The Story Behind This Popular Photograph
J Thoendell stashed this in Cryptocurrency
Indeed, dozens of media outlets, including Bloomberg News, have published Frey’s pictures. The image used here -- dated April 26, 2013 -- happens to rank as the most popular bitcoin photograph onGettyimages.com. But if a bitcoin isn’t a physical object, what exactly are we looking at in Frey’s photographs?
They’re called Casascius bitcoins, and they were minted, in a variety of metals, by software engineer Mike Caldwell at his home in Sandy, Utah. An early bitcoin adopter, Caldwell wanted to help popularize the cryptocurrency -- but he, too, grappled with its intangibility.
“No one is going to get this if I can’t show them something,” Caldwell remembers thinking.
So in September 2011, he began making physical coins as vessels. Inside of each, he embedded a piece of paper that contained a bitcoin private key, which he protected with a tamper-resistant hologram sticker. As for the word casascius, it was half acronym (derived from the phrase “call a spade a spade”), half Latin-sounding suffix (“cius”).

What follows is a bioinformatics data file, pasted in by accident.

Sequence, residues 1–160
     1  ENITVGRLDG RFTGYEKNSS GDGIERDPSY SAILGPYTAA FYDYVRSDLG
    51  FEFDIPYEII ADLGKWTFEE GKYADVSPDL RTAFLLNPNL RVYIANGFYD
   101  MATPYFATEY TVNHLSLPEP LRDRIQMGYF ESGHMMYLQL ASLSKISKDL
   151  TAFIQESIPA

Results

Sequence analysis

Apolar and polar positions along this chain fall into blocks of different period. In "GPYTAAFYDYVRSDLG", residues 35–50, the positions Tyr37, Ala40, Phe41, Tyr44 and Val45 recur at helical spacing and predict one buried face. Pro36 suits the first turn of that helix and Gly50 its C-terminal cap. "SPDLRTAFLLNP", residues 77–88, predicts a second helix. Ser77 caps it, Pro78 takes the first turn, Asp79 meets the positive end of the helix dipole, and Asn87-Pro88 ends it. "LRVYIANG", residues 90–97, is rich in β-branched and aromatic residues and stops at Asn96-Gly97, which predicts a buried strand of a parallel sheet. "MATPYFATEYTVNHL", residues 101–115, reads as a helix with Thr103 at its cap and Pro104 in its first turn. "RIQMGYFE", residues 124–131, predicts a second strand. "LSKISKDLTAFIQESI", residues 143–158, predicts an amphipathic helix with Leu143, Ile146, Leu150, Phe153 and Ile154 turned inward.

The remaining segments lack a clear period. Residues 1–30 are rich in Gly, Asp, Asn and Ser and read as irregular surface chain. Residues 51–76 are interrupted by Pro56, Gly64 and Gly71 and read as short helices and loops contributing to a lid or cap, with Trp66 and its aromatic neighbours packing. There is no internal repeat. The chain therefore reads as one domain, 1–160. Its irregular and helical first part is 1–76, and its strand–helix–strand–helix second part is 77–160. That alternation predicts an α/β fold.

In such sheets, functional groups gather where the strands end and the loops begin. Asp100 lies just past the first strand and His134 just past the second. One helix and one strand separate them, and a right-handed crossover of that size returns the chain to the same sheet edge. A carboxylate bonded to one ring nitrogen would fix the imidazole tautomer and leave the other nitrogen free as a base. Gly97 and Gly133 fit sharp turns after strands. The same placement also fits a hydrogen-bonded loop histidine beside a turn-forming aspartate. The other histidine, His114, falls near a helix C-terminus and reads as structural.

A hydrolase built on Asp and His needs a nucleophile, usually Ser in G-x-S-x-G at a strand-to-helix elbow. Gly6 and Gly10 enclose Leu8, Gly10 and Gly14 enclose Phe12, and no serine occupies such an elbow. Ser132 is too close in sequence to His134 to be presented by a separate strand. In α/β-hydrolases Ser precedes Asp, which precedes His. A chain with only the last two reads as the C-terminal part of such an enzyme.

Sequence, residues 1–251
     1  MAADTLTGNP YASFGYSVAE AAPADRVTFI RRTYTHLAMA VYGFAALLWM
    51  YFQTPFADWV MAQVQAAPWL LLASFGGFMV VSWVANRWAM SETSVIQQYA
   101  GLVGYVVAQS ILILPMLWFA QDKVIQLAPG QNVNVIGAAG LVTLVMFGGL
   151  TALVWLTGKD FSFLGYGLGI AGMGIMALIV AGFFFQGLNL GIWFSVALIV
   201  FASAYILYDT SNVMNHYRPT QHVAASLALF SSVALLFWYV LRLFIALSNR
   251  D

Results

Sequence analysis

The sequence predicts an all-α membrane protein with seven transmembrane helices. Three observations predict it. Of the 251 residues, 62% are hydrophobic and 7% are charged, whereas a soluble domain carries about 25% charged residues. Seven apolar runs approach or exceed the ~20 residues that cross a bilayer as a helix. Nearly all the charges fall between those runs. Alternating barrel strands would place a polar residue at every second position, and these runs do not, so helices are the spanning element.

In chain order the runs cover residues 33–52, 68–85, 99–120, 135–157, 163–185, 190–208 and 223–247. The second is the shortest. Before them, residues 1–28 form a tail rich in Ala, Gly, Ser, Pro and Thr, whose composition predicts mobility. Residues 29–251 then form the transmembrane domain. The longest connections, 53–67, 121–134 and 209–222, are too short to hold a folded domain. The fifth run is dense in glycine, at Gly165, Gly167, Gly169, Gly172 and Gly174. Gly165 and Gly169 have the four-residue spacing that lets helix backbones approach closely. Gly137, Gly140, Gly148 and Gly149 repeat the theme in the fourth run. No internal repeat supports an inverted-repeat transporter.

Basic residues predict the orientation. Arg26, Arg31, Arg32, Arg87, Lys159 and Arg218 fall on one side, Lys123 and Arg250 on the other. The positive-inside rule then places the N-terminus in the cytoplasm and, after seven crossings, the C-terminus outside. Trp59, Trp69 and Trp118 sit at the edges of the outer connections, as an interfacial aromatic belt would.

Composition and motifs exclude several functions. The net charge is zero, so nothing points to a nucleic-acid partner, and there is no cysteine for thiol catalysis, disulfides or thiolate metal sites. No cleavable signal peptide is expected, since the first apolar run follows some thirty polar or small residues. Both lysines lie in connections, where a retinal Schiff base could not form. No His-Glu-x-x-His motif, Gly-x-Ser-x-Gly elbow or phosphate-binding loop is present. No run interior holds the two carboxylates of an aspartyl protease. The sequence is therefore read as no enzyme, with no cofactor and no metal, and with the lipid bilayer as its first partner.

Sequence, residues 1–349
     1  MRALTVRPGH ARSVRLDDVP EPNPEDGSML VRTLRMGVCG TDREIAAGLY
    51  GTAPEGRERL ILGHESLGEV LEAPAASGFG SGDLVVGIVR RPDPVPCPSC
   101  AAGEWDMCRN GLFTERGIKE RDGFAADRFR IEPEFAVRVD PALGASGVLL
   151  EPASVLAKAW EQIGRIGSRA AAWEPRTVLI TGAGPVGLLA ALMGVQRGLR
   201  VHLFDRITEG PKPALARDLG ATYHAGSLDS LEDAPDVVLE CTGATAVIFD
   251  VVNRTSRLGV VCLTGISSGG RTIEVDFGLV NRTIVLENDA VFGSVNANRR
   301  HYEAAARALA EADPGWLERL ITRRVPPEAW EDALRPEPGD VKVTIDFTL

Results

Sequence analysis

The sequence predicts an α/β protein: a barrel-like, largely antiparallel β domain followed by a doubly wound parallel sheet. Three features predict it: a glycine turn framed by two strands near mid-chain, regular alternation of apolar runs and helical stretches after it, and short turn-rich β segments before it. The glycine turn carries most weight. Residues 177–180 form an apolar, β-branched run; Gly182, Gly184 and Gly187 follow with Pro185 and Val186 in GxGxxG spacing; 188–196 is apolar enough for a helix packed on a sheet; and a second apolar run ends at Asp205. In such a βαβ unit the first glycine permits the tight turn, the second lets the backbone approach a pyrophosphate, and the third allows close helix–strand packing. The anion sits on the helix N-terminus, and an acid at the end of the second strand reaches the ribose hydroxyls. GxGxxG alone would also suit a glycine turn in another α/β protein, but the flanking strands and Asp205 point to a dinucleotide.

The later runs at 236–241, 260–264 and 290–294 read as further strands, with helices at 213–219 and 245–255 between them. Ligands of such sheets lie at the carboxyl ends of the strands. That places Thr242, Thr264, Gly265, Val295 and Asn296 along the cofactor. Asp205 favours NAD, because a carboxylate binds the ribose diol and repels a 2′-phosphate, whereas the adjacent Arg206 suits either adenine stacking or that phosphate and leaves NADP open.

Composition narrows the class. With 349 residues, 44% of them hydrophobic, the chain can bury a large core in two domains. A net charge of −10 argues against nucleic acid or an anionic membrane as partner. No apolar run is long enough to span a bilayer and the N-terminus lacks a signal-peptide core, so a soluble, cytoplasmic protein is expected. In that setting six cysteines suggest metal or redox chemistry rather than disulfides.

As of Nov. 27, 2013, however, Caldwell no longer includes digital bitcoins in his physical bitcoins. A letter from the U.S. Treasury Department’s Financial Crimes Enforcement Network, or FinCEN, stopped him in his tracks: FinCEN considered his activity to be money transmitting and informed him that he lacked the necessary license.
Since then, Caldwell has sold only aluminum promo coins via his website, Casascius.com. A bag of 500 costs 0.39 bitcoin -- about $150, as of yesterday. All told, Caldwell minted about 60,000 Casascius bitcoins. Bitcoin enthusiasts consider them collectibles -- especially the earliest ones, which have fetched as much as$2,500 each on EBay because of a typo in the hologram.
Not that much of this matters to Frey, whose photos continue to be downloaded via Getty. Frey says he’s made more than $10,000 off the images, which he shot at Caldwell’s home.
Unlike Caldwell, he accepts only U.S. currency for his work.